Thursday, June 27, 2019

Today -100: June 27, 1919: Nobody can keep the inevitable from happening

Wartime prohibition (as opposed to 18th Amendment prohibition) will go into effect on the 30th (because the war isn’t officially over), but Congress hasn’t passed enforcement legislation. So they’re thinking of writing legislation that will provide enforcement for it and the 18th when it goes into effect. This is being spearheaded by chair of the House Judiciary Committee Andrew Volstead (R-Minn.). Fun fact about Volstead: he sat in Congress 20 years and is also famous for... no, there’s only one thing he’s famous for.

Headline of the Day -100: 

Supposedly Communists & Spartacists use food riots as cover to seize City Hall. Also, a crowd invade a preserved meat factory and discover the remains of dogs, cats, and rats. The owner & foreman are then forced to eat their own repulsive product.

John Hartfield, a black man, is lynched in Ellisville, Mississippi for an alleged sexual assault. A posse chased him for days, during which time Gov. Theodore Gilmore Bilbo, a huuuuge racist, declared himself “utterly powerless” to intervene because the state has no troops and “excitement is at such a high pitch throughout South Mississippi that any armed attempt to interfere would doubtless result in the deaths of hundreds of persons. The negro has confessed, says he is ready to die, and nobody can keep the inevitable from happening.” Well not with that attitude, mister. Hartfield is hanged from a gum tree, shot while he strangles, and his body burned.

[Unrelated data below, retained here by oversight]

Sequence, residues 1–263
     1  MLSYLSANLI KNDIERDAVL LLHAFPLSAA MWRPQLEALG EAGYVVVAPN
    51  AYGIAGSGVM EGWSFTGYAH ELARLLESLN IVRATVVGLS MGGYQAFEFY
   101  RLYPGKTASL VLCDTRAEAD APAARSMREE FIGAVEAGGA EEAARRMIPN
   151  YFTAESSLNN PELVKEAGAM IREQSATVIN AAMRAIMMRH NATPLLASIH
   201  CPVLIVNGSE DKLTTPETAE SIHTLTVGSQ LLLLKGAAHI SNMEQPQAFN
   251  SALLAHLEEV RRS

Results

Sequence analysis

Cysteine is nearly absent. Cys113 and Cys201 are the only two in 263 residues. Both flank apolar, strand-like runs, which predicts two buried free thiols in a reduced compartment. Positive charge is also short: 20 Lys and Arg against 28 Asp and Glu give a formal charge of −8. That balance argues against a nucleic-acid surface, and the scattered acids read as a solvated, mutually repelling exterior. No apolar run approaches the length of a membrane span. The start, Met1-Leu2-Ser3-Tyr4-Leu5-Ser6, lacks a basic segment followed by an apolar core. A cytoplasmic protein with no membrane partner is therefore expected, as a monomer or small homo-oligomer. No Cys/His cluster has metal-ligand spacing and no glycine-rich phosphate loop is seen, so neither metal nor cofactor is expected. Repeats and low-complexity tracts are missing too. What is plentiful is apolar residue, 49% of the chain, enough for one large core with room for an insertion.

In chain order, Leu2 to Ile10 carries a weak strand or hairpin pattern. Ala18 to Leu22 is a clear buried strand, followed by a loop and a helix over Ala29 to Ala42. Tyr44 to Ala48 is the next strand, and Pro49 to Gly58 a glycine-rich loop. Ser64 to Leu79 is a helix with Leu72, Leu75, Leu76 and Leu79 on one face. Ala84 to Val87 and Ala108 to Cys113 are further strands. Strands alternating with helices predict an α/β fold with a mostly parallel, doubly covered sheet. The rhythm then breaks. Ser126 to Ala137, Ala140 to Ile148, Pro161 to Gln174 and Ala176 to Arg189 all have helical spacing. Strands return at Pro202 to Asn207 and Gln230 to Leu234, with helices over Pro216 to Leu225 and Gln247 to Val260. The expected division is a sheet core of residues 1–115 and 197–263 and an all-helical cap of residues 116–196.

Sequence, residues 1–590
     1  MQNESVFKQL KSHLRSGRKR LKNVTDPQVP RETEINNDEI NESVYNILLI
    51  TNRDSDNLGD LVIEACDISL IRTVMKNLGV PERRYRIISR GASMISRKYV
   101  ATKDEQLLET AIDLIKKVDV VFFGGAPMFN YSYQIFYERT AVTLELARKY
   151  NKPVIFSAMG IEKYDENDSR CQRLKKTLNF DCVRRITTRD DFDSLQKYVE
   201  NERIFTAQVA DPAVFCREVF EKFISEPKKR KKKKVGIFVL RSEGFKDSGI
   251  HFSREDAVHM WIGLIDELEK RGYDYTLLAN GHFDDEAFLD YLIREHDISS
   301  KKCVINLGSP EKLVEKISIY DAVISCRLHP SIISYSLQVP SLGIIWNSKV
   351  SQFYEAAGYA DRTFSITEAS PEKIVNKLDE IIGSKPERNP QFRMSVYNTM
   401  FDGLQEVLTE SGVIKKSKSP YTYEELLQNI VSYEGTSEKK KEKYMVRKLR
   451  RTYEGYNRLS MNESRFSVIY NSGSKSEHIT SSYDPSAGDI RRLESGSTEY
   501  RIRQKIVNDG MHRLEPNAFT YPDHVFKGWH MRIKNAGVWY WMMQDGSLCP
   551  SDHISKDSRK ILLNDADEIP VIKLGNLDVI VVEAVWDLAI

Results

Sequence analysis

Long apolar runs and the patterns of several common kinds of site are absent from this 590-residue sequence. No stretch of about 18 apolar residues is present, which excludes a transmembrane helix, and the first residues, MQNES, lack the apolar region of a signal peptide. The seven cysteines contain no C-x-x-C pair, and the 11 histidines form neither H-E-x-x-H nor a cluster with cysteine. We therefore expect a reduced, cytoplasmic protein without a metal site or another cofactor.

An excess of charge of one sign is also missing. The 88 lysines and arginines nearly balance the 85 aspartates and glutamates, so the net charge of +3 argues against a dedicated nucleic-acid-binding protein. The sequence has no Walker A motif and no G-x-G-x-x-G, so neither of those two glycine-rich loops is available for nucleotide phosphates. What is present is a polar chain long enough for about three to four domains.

Germany has finally found people willing to sign the peace treaty: Foreign Minister Hermann Müller and Colonial Minister Johannes Bell.

Turkey’s position at the peace talks seems to be that Turkey has no responsibility for the war and was actually entered into the war against its will by a German admiral and any massacres of Armenians are the responsibility of the previous government and anyway lots of Muslims were also slaughtered, so Turkey should be allowed to keep all its territory. The Allies’ reply displays some slight scepticism about this viewpoint and says that peoples should be held responsible for the actions of their government, even ones that installed themselves by a coup. It “wishes well to the Turkish people and admires their excellent qualities. But it cannot admit that among those qualities are to be counted capacity to rule over alien races.”

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